Where to watch today's partial solar eclipse

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Where to watch today's partial solar eclipse
July 26, 2014 - Partial solar eclipse seen from NASA's Solar Dynamics Observatory point of view.
Partial solar eclipse seen from space
This multiple exposure image shows the transition from right to left of a hybrid solar eclipse seen over Lake Oloidien near Naivasha in Kenya Sunday, Nov. 3, 2013. A rare solar eclipse swept across parts of the US, Africa and Europe on Sunday with some areas witnessing a total blackout and others experiencing a partial version. (AP Photo/Ben Curtis)
A young boy looks through binoculars fitted with homemade filters trying to catch a glimpse of a solar eclipse Sunday, Nov. 2 2013, outside Lisbon's Astronomical Observatory. Clouds moving over the city allowed only brief views of the eclipse which in southern Europe was partial. The total eclipse was seen sweeping east across Africa. (AP Photo/Armando Franca)
Spanish tourists watch a partial solar eclipse in front of the Giza Pyramids, Egypt, Tuesday, Jan. 4, 2011. A partial solar eclipse began Tuesday in the skies over the Mideast and will extend across much of Europe. (AP Photo/Amr Nabil)
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By RYAN GORMAN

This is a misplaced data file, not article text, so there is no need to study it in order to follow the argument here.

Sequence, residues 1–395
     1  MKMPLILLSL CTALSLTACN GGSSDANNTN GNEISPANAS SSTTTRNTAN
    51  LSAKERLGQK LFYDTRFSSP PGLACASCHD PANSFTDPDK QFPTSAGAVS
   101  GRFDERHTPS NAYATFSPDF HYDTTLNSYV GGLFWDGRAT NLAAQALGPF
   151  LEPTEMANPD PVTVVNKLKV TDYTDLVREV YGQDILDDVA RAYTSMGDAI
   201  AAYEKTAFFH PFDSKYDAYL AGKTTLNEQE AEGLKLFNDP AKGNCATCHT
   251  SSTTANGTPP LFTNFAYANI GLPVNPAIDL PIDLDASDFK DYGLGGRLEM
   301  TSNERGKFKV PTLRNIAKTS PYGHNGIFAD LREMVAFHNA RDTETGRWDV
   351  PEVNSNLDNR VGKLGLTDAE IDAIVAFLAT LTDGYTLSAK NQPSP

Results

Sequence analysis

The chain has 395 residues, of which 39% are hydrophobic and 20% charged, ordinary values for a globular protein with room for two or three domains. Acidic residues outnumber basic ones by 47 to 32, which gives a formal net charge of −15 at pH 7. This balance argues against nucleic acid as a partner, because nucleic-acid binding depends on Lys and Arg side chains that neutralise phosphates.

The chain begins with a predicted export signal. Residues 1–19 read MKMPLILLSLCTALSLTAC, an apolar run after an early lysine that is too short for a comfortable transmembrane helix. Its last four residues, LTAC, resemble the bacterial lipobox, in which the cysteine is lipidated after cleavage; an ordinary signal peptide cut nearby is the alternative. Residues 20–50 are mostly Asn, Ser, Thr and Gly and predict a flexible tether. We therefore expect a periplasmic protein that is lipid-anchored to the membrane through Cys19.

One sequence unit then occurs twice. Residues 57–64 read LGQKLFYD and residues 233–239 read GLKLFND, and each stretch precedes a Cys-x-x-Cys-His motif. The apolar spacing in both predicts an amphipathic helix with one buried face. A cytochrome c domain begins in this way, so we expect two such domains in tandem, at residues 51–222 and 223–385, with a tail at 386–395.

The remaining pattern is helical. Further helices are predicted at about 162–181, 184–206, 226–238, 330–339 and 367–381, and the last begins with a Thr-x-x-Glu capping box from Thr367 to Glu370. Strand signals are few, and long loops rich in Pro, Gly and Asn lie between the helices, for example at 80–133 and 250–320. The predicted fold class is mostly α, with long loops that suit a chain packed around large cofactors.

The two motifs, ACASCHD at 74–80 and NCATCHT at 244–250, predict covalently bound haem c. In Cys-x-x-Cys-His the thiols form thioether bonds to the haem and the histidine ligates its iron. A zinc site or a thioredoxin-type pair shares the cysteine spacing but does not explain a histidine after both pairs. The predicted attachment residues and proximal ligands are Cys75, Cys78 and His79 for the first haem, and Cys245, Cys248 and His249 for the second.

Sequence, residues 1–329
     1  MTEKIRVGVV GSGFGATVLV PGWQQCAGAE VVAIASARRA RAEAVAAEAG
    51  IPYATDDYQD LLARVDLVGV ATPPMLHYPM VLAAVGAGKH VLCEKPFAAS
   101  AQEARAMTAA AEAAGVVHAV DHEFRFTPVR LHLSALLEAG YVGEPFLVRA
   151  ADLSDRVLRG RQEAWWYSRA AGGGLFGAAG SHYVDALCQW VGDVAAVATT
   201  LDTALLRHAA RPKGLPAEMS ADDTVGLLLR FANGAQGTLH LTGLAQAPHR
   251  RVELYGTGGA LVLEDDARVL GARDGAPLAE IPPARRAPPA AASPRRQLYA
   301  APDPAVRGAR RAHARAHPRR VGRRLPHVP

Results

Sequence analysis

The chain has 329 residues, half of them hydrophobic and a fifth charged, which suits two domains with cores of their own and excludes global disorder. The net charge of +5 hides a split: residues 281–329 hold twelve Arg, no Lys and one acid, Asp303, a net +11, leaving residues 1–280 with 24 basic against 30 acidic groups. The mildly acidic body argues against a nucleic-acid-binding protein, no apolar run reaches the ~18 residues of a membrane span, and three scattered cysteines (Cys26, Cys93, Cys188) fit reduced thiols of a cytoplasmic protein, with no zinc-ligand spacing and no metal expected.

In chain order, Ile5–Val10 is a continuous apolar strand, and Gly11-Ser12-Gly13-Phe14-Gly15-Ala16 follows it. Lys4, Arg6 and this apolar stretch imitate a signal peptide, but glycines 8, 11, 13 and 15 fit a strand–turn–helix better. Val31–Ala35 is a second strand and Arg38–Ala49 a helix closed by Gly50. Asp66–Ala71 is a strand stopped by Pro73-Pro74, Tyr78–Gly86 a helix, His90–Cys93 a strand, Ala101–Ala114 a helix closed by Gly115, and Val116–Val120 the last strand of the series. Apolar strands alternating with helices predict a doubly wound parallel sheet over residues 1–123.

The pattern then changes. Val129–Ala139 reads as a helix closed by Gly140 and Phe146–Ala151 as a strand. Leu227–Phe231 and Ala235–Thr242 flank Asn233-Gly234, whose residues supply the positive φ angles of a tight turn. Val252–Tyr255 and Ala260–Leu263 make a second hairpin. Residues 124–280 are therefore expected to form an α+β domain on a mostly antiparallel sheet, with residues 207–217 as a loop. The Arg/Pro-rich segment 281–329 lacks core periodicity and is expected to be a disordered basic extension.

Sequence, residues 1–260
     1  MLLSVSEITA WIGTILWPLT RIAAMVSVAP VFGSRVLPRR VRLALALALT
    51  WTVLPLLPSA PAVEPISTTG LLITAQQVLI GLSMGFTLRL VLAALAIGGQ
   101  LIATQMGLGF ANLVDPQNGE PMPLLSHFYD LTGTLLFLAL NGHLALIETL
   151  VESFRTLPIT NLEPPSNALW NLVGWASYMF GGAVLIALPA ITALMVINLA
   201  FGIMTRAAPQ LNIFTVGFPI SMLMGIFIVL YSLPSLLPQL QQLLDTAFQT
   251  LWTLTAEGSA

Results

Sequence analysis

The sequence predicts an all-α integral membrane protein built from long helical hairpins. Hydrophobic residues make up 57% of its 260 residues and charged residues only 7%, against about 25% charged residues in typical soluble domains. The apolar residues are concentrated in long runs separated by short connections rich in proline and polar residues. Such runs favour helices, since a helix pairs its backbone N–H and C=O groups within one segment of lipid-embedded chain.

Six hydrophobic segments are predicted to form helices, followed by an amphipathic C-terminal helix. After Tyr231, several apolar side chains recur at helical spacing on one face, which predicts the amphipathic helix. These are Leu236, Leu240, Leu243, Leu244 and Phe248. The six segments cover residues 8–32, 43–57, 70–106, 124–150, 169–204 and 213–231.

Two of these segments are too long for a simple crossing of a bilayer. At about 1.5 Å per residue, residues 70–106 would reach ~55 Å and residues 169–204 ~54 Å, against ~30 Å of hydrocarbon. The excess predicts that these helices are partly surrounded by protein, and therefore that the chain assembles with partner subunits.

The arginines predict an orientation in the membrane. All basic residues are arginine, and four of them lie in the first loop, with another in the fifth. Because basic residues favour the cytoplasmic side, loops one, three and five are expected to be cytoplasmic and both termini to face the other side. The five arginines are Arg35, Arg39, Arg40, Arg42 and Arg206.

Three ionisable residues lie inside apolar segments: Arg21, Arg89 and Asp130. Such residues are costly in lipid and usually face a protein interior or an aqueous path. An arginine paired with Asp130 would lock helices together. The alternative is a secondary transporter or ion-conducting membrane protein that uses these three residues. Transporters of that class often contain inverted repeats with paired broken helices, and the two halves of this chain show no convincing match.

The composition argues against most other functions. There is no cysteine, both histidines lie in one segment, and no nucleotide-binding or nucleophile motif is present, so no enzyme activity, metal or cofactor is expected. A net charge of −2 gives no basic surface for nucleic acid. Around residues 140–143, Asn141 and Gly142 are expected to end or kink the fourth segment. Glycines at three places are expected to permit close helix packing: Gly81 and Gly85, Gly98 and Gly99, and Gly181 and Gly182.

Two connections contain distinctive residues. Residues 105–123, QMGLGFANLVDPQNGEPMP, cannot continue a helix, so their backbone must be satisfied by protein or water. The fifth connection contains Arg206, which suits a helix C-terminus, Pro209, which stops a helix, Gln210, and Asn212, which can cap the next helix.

A partial solar eclipse will take place Thursday across the U.S.

The partial eclipse occurs when the moon passes between the sun and the Earth but does not completely obscure the view of the sun. It visually appears to take a bite out of the sun.

Thursday's partial solar eclipse will be highly visible to the western half of the country, as early as 2:00 p.m. in some places.

The northeast will miss out on the rare event because of a Nor-Easter currently drenching the region, but would likely not have seen much of the eclipse due to its timing, according to Accuweather.

The moon is set to pass in front of the sun right at sunset for much of the highly-populated region.

The further west you live, however, the more likelihood there is of seeing the moon pass partially in front of the sun.

People in California will begin to see the eclipse around 2:00 p.m., with those further east seeing it incrementally later in the day.

That leaves only a favorable weather forecast standing in the way of seeing the solar eclipse.

Heavy clouds over the Northeast and southern Florida rule out people living in those regions. So does cloud cover in northern Illinois, Wisconsin and Michigan's Upper Peninsula, forecasters said.

Skies are partly cloudy to clear in most of the South, Southwest and the northern Plains.

But northern California, Oregon, Washington, Idaho and western Montana will be staring at gray skies.

Readers in those areas able to see the eclipse should remember not to stare at the sun because it is bad for the eyes.

Those not able to see this partial eclipse should fret not, a total eclipse on August 21, 2017 will be visible across the entire country.

How to Watch the Partial Solar Eclipse Safely

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